Americans had many heroes during World War II. Some lay under white crosses on distant shores, others returned home wounded beyond recognition, many more were average young men who answered their country’s call. Some carried rifles, others loaded large naval guns, or flew aircraft. But one of America’s favorite heroes fought with his fists. When Joe Louis Barrow, known to America as Joe Louis, put on an army uniform in the early part of 1942, he wasn’t just another young African American—he was boxing’s world heavyweight champion, a title he had held since 1937.
Born in Alabama in 1914, Louis was the seventh of eight children born to Munroe and Lillie Barrow. His father was a sharecropper who left when Louis was young. Louis’ mother married a widower, and the family grew with the addition of his six children. With so many mouths to feed, and fields to tend, Louis had very little formal education. He’d been slow to develop—slow to talk and walk, and when he did he spoke with a stutter. Louis was considered a quiet, good-natured child who did as he was told and never made trouble. He was, simply put, an unremarkable young man.
Years of bad farming combined with rampant racism and escalating violence began to pull many African Americans away from the South and farming. In 1926, Louis and his family moved north to Detroit where the auto industry drew hundreds of thousands in search of better work. There, Louis attempted school, but by the sixth grade he was under performing and was sent to a trade school, where he found the curriculum suited him better. Times were hard, and by age 15 Louis left school to help support his family. It was in those years that an amateur boxer friend convinced Louis to spar with him. It was the beginning of a historic career.
Louis took to boxing quickly and by mid-1934, after several years of learning not only how to fight but how to win, he was victorious in 50 out of 54 amateur fights with forty-three knockouts. Louis was ready to go pro as a heavyweight, and did so on July 4, 1934, knocking out his opponent in the first round. His boxing career took off from there. Louis quickly became a hero to the African American community, and his handlers knew too well that a black fighter walked a thin line in 1930s America. Outspoken and flamboyant Jack Johnson, once the heavyweight champion, had pushed the line too far in his private life and had suffered for it. Louis was Johnson’s opposite outside of the ring. He was naturally reserved, saying little and smiling even less, and black America came to love him as he brought them hope during the bleak days of the depression.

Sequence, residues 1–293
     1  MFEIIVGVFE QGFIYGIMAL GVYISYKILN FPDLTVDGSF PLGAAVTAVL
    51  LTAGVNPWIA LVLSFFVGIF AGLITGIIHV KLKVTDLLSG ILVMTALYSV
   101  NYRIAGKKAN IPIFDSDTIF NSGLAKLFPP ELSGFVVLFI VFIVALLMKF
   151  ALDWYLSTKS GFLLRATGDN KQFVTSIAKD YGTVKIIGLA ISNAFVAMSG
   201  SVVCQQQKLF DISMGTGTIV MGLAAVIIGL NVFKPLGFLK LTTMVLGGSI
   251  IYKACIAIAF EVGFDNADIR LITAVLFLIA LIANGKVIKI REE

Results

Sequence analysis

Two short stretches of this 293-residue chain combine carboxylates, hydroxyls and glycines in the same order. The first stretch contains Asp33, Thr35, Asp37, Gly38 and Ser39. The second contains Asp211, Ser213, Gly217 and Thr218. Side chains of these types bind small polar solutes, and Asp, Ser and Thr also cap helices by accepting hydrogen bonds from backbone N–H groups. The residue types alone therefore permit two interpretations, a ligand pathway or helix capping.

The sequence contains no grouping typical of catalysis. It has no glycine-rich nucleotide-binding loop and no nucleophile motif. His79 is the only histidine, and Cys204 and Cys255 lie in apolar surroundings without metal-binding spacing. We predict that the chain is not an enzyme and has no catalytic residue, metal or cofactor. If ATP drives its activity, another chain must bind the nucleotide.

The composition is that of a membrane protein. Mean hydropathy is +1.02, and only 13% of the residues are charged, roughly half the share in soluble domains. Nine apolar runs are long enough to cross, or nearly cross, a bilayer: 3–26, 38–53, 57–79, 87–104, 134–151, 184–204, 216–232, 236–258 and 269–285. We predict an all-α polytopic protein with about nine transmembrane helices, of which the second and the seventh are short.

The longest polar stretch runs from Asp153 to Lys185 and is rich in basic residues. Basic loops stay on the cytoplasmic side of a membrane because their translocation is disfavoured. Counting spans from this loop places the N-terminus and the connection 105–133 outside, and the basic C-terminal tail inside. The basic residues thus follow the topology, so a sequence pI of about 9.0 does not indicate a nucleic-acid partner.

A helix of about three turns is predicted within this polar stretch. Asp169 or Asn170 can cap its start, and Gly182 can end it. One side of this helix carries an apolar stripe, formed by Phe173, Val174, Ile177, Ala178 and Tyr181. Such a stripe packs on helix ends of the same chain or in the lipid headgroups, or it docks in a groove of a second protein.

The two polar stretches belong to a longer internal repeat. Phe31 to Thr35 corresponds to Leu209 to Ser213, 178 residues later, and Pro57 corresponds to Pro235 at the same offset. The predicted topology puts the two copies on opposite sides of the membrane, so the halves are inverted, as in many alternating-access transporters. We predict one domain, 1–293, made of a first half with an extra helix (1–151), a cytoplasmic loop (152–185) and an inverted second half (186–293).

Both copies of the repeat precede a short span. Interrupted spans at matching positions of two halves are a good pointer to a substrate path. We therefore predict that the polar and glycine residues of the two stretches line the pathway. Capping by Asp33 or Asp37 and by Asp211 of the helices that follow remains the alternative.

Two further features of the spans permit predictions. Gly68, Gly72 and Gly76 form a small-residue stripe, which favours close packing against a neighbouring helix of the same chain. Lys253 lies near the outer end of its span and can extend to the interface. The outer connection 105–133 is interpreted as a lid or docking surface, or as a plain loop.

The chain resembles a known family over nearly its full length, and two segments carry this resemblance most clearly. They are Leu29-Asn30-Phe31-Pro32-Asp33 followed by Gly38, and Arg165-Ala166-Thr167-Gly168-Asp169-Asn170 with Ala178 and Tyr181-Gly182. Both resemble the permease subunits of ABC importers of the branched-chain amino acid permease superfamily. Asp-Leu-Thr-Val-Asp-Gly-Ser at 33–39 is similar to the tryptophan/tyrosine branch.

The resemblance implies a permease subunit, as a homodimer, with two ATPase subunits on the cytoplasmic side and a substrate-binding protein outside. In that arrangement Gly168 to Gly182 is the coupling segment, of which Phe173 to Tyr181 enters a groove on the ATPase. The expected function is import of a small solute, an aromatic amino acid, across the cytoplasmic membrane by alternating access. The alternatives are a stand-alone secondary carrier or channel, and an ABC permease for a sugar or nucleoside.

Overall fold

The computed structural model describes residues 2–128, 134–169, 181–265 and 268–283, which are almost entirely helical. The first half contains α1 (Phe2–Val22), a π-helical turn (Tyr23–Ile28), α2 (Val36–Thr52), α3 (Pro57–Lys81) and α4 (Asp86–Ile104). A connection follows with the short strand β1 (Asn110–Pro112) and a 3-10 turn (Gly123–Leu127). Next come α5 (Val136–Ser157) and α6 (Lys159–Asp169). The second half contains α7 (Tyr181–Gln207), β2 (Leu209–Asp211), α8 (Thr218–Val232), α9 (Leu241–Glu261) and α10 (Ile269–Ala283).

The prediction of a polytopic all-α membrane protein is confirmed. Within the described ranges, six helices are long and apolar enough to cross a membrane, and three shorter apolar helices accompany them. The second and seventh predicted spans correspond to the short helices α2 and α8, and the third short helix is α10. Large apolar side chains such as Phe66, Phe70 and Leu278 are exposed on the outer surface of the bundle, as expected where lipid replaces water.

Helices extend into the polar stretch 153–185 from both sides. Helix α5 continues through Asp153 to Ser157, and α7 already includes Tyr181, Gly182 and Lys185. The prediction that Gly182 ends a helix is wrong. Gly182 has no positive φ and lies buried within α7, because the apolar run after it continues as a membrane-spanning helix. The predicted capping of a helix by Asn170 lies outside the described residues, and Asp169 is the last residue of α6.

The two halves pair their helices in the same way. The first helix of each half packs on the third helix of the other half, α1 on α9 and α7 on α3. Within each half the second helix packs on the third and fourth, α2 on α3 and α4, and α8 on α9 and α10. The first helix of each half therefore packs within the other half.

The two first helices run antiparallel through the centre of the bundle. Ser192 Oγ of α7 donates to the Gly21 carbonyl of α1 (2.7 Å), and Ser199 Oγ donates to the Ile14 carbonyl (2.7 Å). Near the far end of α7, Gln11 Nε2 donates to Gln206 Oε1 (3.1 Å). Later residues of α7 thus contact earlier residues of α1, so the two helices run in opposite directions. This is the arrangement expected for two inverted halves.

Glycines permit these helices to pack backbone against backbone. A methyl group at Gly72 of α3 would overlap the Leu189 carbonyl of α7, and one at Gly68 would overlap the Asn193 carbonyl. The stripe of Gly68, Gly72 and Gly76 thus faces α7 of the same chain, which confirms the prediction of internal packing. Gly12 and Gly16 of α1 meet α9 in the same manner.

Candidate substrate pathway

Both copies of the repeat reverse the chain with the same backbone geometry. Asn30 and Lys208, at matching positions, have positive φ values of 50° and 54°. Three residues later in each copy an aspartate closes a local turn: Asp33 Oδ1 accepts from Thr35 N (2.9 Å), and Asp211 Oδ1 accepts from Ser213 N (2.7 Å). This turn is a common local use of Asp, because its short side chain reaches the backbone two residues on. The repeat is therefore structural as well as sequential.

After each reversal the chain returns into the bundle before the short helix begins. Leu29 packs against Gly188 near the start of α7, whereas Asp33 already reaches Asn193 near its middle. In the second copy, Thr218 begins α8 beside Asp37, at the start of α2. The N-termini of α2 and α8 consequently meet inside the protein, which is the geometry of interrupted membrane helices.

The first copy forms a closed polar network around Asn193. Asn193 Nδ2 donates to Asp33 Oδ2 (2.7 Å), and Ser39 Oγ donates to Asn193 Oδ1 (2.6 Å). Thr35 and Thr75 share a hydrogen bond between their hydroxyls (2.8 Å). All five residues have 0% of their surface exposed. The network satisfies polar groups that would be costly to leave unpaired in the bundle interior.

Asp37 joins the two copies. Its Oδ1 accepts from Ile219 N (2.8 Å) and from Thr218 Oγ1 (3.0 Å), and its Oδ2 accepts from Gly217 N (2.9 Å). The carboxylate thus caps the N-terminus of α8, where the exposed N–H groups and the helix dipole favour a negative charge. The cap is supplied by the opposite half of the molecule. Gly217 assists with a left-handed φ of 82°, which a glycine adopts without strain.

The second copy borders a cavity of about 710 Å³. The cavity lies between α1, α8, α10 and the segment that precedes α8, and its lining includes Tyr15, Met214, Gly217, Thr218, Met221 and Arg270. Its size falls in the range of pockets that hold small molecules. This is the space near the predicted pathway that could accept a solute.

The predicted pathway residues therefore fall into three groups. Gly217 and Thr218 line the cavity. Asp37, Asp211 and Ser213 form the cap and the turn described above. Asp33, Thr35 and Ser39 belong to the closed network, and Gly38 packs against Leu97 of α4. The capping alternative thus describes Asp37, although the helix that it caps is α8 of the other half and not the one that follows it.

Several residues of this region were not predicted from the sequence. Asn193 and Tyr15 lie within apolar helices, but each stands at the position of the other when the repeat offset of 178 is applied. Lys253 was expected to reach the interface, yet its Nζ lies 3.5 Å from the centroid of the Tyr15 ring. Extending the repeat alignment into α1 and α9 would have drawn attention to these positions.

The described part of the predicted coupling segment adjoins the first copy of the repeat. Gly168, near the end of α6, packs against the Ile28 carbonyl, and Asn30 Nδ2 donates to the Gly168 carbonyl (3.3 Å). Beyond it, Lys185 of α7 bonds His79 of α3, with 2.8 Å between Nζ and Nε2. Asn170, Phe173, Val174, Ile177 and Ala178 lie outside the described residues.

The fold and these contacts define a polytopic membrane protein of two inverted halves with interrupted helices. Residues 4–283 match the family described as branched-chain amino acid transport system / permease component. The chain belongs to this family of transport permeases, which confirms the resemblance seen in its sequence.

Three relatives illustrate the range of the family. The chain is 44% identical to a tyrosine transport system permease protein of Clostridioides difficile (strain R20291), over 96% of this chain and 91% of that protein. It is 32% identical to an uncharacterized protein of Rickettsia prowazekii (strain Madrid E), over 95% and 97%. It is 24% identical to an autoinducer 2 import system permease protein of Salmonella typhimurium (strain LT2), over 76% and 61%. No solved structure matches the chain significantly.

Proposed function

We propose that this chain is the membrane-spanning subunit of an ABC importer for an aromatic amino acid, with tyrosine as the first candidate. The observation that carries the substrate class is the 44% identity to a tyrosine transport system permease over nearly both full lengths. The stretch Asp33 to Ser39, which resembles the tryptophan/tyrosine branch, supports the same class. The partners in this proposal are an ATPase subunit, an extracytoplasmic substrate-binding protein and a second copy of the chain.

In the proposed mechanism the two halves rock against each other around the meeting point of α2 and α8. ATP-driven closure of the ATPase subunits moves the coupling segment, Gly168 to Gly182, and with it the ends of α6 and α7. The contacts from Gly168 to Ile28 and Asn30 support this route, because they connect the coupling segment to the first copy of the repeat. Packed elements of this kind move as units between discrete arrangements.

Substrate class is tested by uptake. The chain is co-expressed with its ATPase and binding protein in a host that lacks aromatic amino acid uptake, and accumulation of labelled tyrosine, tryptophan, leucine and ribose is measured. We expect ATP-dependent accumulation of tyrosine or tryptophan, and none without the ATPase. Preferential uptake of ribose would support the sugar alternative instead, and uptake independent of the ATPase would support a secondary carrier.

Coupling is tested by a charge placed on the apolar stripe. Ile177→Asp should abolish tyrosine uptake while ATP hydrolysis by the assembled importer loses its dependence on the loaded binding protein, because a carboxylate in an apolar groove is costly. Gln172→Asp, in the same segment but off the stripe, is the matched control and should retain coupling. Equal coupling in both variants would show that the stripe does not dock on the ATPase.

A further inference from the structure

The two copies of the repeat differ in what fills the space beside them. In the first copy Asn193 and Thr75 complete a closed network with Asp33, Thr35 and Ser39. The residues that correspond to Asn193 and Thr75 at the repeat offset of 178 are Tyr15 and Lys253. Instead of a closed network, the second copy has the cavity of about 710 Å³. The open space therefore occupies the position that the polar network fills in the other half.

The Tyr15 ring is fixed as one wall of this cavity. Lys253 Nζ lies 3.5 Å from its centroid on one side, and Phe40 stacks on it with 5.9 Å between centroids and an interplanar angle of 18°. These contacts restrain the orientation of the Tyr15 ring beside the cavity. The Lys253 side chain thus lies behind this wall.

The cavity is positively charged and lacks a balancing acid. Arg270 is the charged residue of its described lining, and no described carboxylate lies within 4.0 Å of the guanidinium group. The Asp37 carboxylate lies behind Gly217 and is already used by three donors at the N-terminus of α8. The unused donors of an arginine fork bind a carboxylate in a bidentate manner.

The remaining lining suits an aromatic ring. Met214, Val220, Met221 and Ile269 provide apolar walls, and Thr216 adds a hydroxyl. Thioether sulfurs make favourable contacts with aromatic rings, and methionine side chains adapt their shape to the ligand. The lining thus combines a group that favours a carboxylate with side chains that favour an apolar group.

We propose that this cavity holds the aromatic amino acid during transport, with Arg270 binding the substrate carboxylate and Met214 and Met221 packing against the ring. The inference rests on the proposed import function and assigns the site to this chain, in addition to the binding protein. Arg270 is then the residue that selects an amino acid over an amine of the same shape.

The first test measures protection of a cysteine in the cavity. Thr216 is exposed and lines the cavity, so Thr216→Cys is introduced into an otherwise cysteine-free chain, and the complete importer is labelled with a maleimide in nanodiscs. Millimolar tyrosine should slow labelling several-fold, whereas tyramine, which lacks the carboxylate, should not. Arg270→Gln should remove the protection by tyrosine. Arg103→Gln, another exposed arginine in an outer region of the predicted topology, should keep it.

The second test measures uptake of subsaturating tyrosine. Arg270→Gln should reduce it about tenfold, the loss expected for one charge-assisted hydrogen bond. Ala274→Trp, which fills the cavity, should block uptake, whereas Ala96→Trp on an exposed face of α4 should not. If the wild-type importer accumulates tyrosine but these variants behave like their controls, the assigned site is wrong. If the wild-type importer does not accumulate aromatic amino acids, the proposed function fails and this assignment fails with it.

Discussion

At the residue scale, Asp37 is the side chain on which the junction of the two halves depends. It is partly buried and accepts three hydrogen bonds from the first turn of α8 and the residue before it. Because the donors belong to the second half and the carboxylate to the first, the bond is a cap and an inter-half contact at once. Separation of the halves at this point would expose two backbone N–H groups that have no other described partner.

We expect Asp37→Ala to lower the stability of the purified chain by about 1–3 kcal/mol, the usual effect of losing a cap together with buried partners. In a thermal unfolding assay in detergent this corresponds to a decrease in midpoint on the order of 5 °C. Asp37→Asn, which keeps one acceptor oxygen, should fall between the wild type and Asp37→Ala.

In 1936, Louis prepared to face his most famous opponent yet—German boxer Max Schmeling. Although he’d not yet fought for the heavyweight championship, Louis had fought several former champions and won. His fans were confident Schmeling would be the next victim of their beloved “Brown Bomber.” The event sold out Yankee Stadium, and all of America listened. The celebrations which had erupted in Harlem and other African American neighborhoods in 1935 when Louis beat former champions Primo Carnera and Max Baer were not heard that night. Louis and Schmeling went twelve rounds before the German boxer put Louis on the mat with a knockout.
1937 was a better year for Louis. He learned from his loss to Schmeling, trained harder, and on June 22, Louis faced the current heavyweight champion Jim Braddock. The fight lasted eight rounds before Louis knocked Braddock out. Across America, black neighborhoods erupted in celebration. He was their hero, their champion, an example of what many of them felt they could be in a world of equality. For Louis, it was half a victory. Despite the magnitude of what being the heavyweight boxing champion meant, Louis wanted another shot at Max Schmeling.